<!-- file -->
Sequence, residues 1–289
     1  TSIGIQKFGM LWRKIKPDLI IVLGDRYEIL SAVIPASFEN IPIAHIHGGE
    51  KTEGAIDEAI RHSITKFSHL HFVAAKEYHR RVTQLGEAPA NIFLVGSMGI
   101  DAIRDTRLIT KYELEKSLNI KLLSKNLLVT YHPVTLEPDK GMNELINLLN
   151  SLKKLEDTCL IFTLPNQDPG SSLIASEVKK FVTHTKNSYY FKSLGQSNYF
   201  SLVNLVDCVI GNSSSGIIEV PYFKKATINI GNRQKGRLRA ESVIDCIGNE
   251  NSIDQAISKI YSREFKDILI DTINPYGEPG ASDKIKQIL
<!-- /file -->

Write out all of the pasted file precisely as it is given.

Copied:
Sequence, residues 1–289
     1  TSIGIQKFGM LWRKIKPDLI IVLGDRYEIL SAVIPASFEN IPIAHIHGGE
    51  KTEGAIDEAI RHSITKFSHL HFVAAKEYHR RVTQLGEAPA NIFLVGSMGI
   101  DAIRDTRLIT KYELEKSLNI KLLSKNLLVT YHPVTLEPDK GMNELINLLN
   151  SLKKLEDTCL IFTLPNQDPG SSLIASEVKK FVTHTKNSYY FKSLGQSNYF
   201  SLVNLVDCVI GNSSSGIIEV PYFKKATINI GNRQKGRLRA ESVIDCIGNE
   251  NSIDQAISKI YSREFKDILI DTINPYGEPG ASDKIKQIL